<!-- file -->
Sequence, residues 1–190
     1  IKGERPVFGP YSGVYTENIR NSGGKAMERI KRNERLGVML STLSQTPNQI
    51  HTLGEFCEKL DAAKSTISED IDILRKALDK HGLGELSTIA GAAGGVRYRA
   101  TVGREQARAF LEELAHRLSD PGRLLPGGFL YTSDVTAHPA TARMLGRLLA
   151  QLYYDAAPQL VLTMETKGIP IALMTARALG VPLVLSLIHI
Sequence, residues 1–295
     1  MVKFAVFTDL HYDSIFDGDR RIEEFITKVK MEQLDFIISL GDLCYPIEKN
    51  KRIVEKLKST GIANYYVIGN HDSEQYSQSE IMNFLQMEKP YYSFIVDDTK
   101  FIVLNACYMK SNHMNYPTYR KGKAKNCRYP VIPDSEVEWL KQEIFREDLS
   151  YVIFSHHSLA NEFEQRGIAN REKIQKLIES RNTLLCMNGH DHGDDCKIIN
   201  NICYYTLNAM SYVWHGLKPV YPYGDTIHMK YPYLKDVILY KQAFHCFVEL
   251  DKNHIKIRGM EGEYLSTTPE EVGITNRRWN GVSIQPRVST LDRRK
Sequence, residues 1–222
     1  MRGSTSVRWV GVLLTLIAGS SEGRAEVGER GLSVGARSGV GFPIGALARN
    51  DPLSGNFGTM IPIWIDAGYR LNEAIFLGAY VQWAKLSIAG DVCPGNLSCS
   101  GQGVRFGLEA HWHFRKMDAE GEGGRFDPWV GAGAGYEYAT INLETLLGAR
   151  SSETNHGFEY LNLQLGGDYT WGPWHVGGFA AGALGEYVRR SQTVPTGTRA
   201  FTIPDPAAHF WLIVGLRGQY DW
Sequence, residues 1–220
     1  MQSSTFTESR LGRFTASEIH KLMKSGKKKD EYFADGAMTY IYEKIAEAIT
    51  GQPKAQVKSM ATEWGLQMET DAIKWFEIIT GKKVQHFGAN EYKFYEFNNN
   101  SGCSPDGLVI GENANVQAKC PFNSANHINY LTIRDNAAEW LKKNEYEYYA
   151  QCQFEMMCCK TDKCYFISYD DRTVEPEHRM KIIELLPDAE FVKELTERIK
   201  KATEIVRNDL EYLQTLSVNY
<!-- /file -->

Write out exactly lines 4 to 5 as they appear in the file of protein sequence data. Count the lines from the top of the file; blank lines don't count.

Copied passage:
   101  TVGREQARAF LEELAHRLSD PGRLLPGGFL YTSDVTAHPA TARMLGRLLA
   151  QLYYDAAPQL VLTMETKGIP IALMTARALG VPLVLSLIHI